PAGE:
Life Cycle Analysis of Spray Foam Insulation

Installing Spray Foam Insulation

What are the lifelong Energy Savings of Spray Foam Insulation?

A Life Cycle Analysis of Spray Foam Insulation

What is the spray foam life cycle? What are the lifelong Energy Savings of Spray Foam Insulation? To fully understand the complete benefits of spray foam insulation, you must look at all stages of a product’s life, from cradle-to-grave. Across the building and construction industries, this is referred to as a Life Cycle Analysis (LCA).

You’ve heard it before…the promises about spray foam insulation and spray polyurethane foam (SPF). It has higher R-values, it doesn’t sag over time, and it doesn’t experience convective loss. There are certainly plenty of benefits of using spray foam over fiberglass and other conventional alternatives.

Typically, many benefits touted around SPF focus on the energy-saving attributes. But energy savings is only one portion of the environmental impact and benefit of spray polyurethane foam.

LCAs give a holistic picture of the environmental impacts (both positive and negative) of a product from its manufacture to the end of its life and disposal.

The figure below gives you a good idea of what “cradle-to-grave” life cycle takes into account.

Cradle to grave life cycle analysis (LCA) for Spray Polyurethane Foam Insulation

Figure 1: (Above) The factors that go into a “cradle-to-grave” Life Cycle Analysis (LCA) for Spray Polyurethane Foam Insulation



Want the short version without reading further? Spray Foam Insulation (spray polyurethane foam) is better for the environment in the long run. SPF is better because it delivers more energy savings for longer, even with detrimental impacts on the environment during installation.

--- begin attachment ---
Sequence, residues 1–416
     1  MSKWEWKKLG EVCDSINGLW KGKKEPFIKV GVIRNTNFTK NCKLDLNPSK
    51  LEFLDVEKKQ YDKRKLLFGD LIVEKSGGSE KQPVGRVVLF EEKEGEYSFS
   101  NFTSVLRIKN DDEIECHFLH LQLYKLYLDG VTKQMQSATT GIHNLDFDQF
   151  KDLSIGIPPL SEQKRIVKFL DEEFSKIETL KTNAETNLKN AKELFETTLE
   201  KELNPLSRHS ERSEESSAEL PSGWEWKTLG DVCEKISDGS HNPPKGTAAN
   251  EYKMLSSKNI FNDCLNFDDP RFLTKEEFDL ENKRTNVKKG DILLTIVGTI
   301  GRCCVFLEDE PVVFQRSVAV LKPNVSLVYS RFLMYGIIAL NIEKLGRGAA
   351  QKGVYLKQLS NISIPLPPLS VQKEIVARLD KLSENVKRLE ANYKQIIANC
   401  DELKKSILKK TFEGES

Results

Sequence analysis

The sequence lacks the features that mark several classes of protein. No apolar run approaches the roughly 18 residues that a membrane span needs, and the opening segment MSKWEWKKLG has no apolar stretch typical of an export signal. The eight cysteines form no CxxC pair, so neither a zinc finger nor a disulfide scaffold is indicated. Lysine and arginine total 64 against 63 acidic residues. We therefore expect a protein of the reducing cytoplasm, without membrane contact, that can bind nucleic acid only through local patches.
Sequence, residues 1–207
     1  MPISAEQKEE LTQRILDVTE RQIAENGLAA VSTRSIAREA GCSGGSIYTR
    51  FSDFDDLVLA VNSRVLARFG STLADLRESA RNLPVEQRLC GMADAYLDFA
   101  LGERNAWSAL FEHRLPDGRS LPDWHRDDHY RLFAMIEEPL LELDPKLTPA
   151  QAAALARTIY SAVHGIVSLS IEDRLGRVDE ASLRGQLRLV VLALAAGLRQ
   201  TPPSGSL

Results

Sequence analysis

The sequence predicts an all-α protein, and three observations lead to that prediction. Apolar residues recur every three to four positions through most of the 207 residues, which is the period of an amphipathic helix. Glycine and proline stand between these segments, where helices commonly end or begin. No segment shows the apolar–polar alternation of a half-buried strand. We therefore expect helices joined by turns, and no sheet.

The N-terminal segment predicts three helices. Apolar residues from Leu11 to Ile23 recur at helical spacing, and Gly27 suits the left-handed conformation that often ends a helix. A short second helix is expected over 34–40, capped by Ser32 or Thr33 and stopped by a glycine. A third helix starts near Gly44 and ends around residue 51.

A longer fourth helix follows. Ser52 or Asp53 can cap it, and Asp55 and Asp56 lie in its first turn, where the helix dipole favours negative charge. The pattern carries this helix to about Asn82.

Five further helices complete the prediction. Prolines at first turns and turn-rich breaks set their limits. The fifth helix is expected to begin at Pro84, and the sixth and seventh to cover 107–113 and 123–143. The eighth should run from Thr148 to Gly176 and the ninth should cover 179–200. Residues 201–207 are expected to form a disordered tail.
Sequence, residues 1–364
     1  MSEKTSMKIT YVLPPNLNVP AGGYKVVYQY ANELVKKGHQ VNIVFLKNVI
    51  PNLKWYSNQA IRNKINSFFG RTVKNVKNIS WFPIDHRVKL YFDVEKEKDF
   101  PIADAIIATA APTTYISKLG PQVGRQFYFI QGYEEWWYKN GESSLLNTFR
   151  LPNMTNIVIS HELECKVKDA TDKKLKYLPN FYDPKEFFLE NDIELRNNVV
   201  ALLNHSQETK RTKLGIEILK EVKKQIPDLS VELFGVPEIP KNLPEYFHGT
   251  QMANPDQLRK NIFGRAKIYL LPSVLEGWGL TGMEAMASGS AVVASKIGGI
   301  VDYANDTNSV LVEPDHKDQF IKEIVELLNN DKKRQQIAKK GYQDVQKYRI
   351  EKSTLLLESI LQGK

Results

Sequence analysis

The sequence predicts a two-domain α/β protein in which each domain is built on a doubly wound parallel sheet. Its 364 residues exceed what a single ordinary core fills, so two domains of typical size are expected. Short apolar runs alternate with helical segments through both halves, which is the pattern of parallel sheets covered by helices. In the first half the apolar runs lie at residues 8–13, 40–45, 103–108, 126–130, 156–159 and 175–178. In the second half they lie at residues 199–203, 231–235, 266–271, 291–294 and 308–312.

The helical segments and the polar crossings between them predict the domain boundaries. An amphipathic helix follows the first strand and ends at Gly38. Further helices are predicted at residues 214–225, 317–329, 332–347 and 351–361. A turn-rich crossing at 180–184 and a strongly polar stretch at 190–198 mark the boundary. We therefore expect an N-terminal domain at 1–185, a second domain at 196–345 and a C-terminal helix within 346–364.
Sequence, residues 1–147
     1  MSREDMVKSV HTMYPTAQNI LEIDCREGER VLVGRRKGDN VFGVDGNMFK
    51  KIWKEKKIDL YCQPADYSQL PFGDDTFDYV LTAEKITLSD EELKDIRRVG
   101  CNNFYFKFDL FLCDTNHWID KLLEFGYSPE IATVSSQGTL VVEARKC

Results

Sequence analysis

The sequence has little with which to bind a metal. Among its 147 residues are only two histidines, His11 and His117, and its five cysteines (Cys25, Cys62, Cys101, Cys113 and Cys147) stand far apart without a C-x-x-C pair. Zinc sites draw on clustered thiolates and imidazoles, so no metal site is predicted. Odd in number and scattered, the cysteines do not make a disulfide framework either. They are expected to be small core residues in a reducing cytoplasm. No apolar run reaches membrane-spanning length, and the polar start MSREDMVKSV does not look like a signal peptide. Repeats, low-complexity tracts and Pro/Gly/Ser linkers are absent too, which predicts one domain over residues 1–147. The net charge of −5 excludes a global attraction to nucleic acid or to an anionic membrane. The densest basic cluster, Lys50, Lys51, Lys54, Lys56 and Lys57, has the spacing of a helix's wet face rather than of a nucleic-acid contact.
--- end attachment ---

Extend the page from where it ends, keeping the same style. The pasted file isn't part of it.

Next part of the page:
Knowing the environmental impact of a product can help you win more bids as a contractor, most contractors in the industry aren’t touting their materials’ life-cycle analysis. However, knowing where the energy savings come from will make you more knowledgeable and more equipped to beat out the conventional competition. Understanding the materials you’re applying and their environmental impact can also help you win coveted government contracts and large commercial jobs.

This is especially true for insulation materials. Insulation materials carry an initial environmental impact/cost from manufacturing, transportation, and installation. But the materials then have a positive environmental impact in the form of energy savings over their lifespan.


  1. There is a more significant initial environmental impact to be paid with SPF.
  2. Because of fiberglass’s lower initial environmental impact investment, the Environmental Recovery Period (Environmental Breakeven point) is shorter with fiberglass.
  3. Over the life of the building, Spray Foam will save more carbon emissions than the equivalent R-value (IECC compliant) of fiberglass.


Reference: Spray Foam, Take Your Rightful Place – The Importance of Life Cycle Analysis. Harris, Tom.


Initially, there is a more significant environmental impact for SPF insulation. However, over the lifespan of the building, spray foam insulation will positively impact the environment. That’s thanks to spray foam insulation’s air impermeability, lack of sag over time, and lack of convective loss (which fiberglass insulation does experience over time). Further, the initial energy savings of spray foam insulation can be felt immediately compared to fiberglass insulation.

The green building trend isn’t going away and only continues to expand as individuals and businesses look to leverage environmentally friendly building practices to save on skyrocketing energy costs.